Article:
Cancer-Related Rehabilitation

For both men and women, our therapists provide treatment for cancer-related fatigue, post-operative care and lymphedema care with advanced training for treatment addressing changes following radiation therapy and appropriate strengthening, conditioning and flexibility.

We offer caring, individualized evaluation and treatment, we provide education regarding your condition and goals and help you feel more empowered from your first visit. We want to help you reach your greatest gains and to have strategies and confidence to maintain your goals as we serve to be your Physical Therapist for needs throughout your life.

Meet our Cancer-Related Rehabilitation Specialists

Diana Smith (She/Her)
Diana Smith (She/Her)PT, MPT, OCS, COMT, CLT
Barbara Moe
Barbara MoePT, MPT

About Cancer Rehabilitation

Often during or following chemotherapy, surgery, or radiation treatments, people may experience limitations. This may affect flexibility, strength, endurance, balance or may include swelling conditions. Our physical therapists are specially trained with over 20 years combined experience in cancer rehabilitation to promote healing, while being aware of precautions connected to oncology care.

  • We provide skilled one to one evaluation and treatment to gently restore everyday activities, work and recreation.
  • Rehabilitation for lymphedema swelling includes comprehensive education and treatment. We are creative and skilled with chronic and unique cases.
  • Cancer related fatigue can occur at different times through treatment and recovery. Our physical therapists focus on tailored treatment to help people keep gaining.

We additionally provide pelvic floor physical therapy treatment services for pelvic pain or incontinence, which may related to changes in a woman’s body throughout the hormonal processes of treatment.

What is the lymphatic system?

The lymphatic system is a component of the circulatory system and the immune system.  It is composed of a network of vessels that transport lymph fluid.  The lymphatic vessels transport the fluid initially to the lymph nodes where the fluid is filtered and cleansed before returning to the blood stream for re-circulation. The lymph nodes also produce white blood cells which fight infection.

What is lymph fluid?

Lymph is fluid that has been drawn into the lymphatic vessels from interstitial space.  Interstitial space is the space between cells where protein rich fluid naturally accumulates.   This fluid is outside the cells and the blood stream and is returned to the circulatory system via the lymphatic system.

What is lymphedema?

Lymphedema is swelling, usually in the extremities that result from an impaired lymphatic system.  The lymphatic system is unable to maintain equilibrium in fluid transport which allows the fluid to accumulate.  It is classified asprimary and secondary lymphedema. Primary lymphedema is swelling associated with an abnormal or poorly functioning lymphatic systemLymphedema that results from lymph node removal or radiation therapy is known as secondary lymphedema.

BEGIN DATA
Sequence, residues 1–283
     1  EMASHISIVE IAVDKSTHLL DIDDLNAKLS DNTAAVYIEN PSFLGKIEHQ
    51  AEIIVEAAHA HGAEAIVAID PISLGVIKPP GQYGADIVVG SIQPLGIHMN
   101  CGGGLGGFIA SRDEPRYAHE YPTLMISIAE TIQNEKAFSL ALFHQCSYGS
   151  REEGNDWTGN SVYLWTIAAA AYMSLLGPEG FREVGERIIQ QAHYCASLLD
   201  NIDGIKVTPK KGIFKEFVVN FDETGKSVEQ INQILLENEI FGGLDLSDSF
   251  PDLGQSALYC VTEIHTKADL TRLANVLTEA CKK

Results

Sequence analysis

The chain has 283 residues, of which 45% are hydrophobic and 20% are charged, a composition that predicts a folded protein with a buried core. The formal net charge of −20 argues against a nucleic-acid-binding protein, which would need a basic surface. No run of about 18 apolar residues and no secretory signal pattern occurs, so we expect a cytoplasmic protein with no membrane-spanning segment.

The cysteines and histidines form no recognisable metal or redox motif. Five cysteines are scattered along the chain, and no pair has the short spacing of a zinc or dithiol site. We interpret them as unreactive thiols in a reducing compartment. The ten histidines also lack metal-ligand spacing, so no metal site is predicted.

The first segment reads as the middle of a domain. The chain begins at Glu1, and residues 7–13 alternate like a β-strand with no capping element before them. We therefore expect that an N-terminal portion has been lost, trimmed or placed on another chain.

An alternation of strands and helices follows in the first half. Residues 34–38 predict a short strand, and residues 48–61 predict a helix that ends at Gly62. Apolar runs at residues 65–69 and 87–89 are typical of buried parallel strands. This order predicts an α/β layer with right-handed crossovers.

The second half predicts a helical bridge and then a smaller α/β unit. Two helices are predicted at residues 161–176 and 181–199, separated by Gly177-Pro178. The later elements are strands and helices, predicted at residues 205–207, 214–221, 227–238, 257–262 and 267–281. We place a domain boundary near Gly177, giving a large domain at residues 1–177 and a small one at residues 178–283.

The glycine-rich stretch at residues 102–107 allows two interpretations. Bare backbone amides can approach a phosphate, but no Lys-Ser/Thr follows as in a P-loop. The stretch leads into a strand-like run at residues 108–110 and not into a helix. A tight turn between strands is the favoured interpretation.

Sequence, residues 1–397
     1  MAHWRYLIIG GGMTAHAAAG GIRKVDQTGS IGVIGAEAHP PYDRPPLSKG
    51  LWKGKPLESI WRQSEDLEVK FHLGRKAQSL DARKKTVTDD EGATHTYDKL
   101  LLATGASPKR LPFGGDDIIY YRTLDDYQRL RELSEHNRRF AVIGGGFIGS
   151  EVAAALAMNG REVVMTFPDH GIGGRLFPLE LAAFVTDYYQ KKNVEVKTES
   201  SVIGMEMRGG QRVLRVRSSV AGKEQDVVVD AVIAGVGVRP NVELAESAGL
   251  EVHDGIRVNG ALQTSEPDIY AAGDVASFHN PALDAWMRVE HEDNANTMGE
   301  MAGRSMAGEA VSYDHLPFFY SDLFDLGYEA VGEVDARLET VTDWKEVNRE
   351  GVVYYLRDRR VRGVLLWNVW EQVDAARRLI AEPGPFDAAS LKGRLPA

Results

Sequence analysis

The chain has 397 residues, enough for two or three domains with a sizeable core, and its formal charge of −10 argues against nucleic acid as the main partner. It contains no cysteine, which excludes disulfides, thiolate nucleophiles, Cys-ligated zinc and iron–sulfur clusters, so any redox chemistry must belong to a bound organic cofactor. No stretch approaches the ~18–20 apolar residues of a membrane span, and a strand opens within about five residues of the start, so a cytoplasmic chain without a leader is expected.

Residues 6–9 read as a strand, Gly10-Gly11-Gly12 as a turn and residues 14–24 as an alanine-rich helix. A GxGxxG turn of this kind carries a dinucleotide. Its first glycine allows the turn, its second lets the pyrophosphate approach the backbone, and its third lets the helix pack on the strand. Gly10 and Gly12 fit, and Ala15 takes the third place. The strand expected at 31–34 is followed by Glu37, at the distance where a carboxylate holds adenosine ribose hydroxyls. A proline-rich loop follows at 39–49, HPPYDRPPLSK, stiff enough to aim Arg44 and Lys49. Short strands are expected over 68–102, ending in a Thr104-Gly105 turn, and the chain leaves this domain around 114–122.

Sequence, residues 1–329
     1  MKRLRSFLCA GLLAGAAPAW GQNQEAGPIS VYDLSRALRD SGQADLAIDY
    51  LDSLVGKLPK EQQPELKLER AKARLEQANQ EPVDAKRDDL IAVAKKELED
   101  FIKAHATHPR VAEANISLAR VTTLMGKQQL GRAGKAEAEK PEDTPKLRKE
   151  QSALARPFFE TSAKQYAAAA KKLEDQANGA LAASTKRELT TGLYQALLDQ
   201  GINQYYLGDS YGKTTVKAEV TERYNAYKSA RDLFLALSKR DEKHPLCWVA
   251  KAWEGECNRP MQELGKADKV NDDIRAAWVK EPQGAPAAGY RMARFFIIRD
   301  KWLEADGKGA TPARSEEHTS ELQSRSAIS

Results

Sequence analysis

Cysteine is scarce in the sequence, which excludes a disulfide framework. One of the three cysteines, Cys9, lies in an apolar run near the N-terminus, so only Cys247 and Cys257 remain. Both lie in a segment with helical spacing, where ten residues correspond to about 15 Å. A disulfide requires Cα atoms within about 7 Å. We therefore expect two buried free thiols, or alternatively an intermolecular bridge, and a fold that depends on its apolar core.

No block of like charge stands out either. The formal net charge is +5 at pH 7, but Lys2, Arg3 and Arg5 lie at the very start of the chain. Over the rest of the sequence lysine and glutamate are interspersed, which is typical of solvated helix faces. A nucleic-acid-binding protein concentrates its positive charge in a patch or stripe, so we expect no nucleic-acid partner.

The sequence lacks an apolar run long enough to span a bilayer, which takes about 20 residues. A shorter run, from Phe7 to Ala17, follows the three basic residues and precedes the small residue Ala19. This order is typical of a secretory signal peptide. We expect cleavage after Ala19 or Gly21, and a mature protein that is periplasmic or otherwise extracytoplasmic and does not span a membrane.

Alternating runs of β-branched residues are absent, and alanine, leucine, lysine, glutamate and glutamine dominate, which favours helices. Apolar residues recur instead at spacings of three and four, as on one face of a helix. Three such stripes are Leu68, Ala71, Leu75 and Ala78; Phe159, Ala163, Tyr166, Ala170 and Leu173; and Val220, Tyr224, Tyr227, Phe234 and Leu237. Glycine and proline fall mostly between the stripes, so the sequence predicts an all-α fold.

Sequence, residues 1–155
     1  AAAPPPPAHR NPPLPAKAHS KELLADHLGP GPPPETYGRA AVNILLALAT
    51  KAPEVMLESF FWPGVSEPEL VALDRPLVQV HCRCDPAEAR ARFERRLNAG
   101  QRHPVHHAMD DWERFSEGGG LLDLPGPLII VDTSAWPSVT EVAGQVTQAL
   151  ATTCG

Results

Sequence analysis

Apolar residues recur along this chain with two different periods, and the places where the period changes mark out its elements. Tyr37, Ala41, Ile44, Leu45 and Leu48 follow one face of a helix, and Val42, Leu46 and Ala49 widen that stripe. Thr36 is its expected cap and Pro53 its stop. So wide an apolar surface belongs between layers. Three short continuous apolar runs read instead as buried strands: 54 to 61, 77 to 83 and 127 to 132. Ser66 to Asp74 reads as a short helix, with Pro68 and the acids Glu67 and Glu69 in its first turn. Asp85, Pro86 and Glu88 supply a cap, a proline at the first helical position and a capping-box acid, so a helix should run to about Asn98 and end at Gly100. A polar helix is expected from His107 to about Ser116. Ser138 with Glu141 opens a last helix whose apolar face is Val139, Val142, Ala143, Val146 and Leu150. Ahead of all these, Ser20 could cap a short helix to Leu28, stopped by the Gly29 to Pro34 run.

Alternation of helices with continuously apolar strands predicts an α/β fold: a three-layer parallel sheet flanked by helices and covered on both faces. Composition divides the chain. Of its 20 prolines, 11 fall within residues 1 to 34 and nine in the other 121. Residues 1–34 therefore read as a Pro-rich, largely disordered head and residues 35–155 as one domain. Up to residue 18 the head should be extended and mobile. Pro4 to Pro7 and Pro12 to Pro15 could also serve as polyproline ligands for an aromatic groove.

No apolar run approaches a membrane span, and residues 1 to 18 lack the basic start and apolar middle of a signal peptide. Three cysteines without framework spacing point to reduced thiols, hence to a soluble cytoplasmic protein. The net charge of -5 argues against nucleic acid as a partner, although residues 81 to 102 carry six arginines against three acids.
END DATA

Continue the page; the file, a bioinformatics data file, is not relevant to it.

How do I recognize lymphedema?

The following signs can be indicators that lymphedema is developing. You should contact your doctor if you feel that you may be developing lymphedema. Early signs to look for are:[1]

  • Tightness, swelling or thickening anywhere in the extremity.  Initially the swelling may fluctuate but overtime it worsens.
  • A burning or tingling sensation radiating down the extremity.
  • A feeling of heaviness or aching of the extremity.
  • Inability to wear rings, jewelry, watches or clothing secondary to swelling.

How do I manage lymphedema once I have it?

Lymphedema management, commonly called Decongestive Lymphedema Therapy, is a comprehensive service provided by appropriately trained physical therapists.  The physical therapist will equip the individual with lymphedema with proven principles and skills for long term management. Essential components of lymphedema management include:

  • Risk reduction education
  • Skin care education
  • Lymphedema drainage exercises
  • Manual lymphatic drainage techniques
  • Compression bandaging and use of compression garments

Management of lymphedema is an important and essential process for anyone who has lymphedema.  Untreated lymphedema presents additional health risks of possible and potentially serious infection and impaired healing in the affected structures.  Call or see your doctor if you are concerned that you may have lymphedema to initiate appropriate treatment.

If your therapist instructs you in the process of bandaging for your lymphedema condition affecting your arm, below is a video link to review self-bandaging. If a part of your treatment plan, you will receive first receive individual instruction and practice in the clinic, then this video may be a tool for reference at home.

[1] North American Seminars, Inc., Lymphedema Management of the Upper and Lower Extremities.  Instructed by Elizabeth Augustine, PT, DPT